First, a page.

Program & Batch:
| PGDM 2013-15
| BUSINESS STATISTICS
Name of the faculty:
| GUNJAN MALHOTRA
Topic/ Title :
| THE IMPACT OF INFLATION RATE AND INTEREST RATE ON REAL GROSS DOMESTIC PRODUCT OF INDIA
| Original or Revised Write-up:
Contact No. and email of Group Coordinator:
| Group Members:
| Roll No.
| HIMANSHU ARORA
| CHITTRESH DHAWAN
| DEEP DAGA
| NIKHIL SINGHVI
| SWATI SINGHAL
The Impact of Inflation Rate and Interest Rate on Real Gross Domestic Product of India
In any economy the Gross Domestic Product at fixed prices, i.e. Real GDP, is the true indicator of its growth and prosperity and can be looked upon to forecast what the future of the economy will be to be able to take policy decisions in a scientific manner. This paper aims at examining various macro economic variables and use statistical methods to find the impact of these variables on each other. For this objective secondary data has been obtained about inflation rate (CPI), bank rate and real GDP of India during the years 2004 to 2013. This data is on quarterly basis and hence contains over 30 observations. This data is obtained from the Bloomberg Terminal and the website www.rbi.org.in and regression analysis is employed to obtain findings. Upon rigorous analysis it has been found out that Gross Domestic Product at fixed prices of India during the period under study is positively correlated with interest rate as well as with inflation rate trends for the said period.
Real Gross Domestic Product or Gross Domestic Product at Constant Prices, Base Year, Inflation Rate or Consumer Price Index, Bank Rate and Interest Rate.
The Indian economy comes on the 9th position in terms of GDP at market prices and on the 9th position in terms of purchasing power parity. Our country is also among the G20 major nations and also the BRICS. But our economy faces many problems too that if not catered to
today may result in the economy going in the shackles of stagnancy and even degradation in the credit ratings by the global rating agencies like Standard & Poor and the likes. The Indian economy has seen a paradigm shift in the millennium and those entire situations play a big role in the shape the economy is in today. So let us try to map the state of the economy throughout the years 2000 till date. Owing to the IT industry boom worldwide and especially in India the GDP grew exceptionally well in the early 2000’s. Another reason for it was the increasing number of cheap skilled labour force in the country and the ongoing trend of outsourcing. In 2004 the economy registered a growth rate of 8.5 percent which was largely due to strong performance in agriculture and allied sector as well as the services industry. Inflation for this period measured by the CPI for industrial workers declined significantly from the figures of the last few years to come at 3.5 percent in March 2004 which started showing an upward trend in the later part of the year due to increasing wholesale price inflation. In the next fiscal year 2005-06 the GDP at constant prices grew at 9 percent. The economy had shown growth above 8 percent in only five years, three of which were the last three years. According to experts these achievements were possible because of many factors. These were momentum in industrial investment, modest inflation, growth in exports and imports, progress in fiscal consolidation and the launch of the National Rural Employment Guarantee Scheme (NREGS) for providing job security to the employable youth. By this time the increasing growth was putting inflationary pressures on the economy and this was observed when the average inflation for the 52 weeks ending February 2007 was recorded at 5 per cent....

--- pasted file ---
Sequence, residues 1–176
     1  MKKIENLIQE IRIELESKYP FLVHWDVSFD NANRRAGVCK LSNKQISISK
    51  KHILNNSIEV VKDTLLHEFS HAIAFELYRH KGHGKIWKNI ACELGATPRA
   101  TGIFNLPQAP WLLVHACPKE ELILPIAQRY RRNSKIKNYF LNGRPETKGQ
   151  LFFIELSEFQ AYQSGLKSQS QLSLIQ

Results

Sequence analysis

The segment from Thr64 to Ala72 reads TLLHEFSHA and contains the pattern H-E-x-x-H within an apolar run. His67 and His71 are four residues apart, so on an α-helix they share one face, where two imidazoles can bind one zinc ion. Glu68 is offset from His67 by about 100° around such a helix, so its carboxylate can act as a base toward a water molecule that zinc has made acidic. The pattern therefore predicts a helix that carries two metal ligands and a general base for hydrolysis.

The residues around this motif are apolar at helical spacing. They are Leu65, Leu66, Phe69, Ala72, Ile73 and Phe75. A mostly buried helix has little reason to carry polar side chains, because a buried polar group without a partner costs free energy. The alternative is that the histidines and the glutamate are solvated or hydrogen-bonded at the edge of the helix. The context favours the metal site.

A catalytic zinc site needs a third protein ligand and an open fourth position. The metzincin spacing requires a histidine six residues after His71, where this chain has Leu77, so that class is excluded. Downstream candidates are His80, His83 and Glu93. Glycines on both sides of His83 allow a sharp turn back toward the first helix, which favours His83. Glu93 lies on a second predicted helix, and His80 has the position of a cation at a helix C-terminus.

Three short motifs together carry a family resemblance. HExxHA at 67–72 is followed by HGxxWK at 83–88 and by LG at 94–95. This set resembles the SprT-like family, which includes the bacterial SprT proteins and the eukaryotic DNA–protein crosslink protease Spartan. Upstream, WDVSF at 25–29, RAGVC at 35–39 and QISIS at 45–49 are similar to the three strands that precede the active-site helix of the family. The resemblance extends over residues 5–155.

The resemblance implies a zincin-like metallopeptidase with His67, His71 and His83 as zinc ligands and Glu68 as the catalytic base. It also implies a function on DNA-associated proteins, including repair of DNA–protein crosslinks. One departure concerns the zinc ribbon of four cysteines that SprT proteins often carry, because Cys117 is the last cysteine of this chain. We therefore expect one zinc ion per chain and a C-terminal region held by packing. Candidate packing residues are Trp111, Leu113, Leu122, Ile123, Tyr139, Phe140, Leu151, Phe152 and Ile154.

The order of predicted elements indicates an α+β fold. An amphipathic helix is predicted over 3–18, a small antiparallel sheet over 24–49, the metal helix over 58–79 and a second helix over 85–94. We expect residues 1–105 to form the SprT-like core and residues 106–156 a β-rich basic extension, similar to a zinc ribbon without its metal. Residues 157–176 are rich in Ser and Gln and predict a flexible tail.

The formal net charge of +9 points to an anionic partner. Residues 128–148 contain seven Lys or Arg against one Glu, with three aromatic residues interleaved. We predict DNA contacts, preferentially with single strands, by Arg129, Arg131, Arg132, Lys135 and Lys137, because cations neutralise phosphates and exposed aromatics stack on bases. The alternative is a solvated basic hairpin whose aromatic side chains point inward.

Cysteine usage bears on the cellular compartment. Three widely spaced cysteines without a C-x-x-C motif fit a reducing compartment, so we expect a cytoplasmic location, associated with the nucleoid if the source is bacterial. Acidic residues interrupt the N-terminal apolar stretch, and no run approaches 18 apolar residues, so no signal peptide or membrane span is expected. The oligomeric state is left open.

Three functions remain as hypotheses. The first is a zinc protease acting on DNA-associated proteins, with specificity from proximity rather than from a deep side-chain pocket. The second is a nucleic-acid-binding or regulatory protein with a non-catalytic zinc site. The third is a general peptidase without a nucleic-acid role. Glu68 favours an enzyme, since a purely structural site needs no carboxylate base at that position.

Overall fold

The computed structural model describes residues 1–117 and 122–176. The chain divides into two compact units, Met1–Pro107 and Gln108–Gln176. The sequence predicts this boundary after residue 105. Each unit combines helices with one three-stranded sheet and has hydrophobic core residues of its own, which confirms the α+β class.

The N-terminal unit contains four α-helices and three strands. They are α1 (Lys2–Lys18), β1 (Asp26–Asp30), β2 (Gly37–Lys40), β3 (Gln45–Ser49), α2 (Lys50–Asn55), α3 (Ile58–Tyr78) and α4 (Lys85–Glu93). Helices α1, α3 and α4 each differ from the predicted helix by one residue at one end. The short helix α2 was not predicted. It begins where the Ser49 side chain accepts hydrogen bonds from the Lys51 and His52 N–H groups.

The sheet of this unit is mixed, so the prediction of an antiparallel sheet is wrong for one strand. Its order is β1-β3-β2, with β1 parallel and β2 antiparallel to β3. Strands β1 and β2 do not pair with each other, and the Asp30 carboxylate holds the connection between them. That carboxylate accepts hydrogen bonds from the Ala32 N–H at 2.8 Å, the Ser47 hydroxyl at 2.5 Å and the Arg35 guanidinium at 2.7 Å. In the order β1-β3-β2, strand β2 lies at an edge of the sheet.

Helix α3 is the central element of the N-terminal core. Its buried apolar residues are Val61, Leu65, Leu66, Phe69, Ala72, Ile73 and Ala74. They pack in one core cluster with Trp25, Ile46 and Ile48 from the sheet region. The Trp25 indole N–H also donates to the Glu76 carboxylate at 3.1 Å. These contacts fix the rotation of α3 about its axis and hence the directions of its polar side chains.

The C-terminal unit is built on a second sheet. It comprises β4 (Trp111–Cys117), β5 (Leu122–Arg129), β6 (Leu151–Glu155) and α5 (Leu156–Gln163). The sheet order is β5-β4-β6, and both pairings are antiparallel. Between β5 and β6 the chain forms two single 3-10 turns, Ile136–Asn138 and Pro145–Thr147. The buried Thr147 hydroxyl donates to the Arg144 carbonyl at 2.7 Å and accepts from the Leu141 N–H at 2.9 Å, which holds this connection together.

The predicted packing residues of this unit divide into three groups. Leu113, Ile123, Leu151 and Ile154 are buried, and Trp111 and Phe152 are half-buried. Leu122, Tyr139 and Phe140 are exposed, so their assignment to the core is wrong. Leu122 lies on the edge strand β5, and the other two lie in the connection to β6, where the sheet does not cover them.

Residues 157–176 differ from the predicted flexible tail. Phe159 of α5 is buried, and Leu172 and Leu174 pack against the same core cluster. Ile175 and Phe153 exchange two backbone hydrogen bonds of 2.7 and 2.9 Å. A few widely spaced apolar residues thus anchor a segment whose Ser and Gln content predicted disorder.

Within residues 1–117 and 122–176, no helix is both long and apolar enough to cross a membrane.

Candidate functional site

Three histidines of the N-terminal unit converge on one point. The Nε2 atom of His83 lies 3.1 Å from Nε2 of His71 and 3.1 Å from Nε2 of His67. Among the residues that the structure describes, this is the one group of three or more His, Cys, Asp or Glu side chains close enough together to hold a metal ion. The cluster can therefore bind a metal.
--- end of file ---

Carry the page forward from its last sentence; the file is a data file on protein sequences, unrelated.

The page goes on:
Third Quarter Review of Monetary Policy 2009-10, RESERVE BANK OF INDIA, January 29, 2010 Mumbai [Online] Available from: http://rbi.org.in/scripts/NotificationUser.aspx?Id=5478&Mode=0 [Accessed: 1st August 2013]
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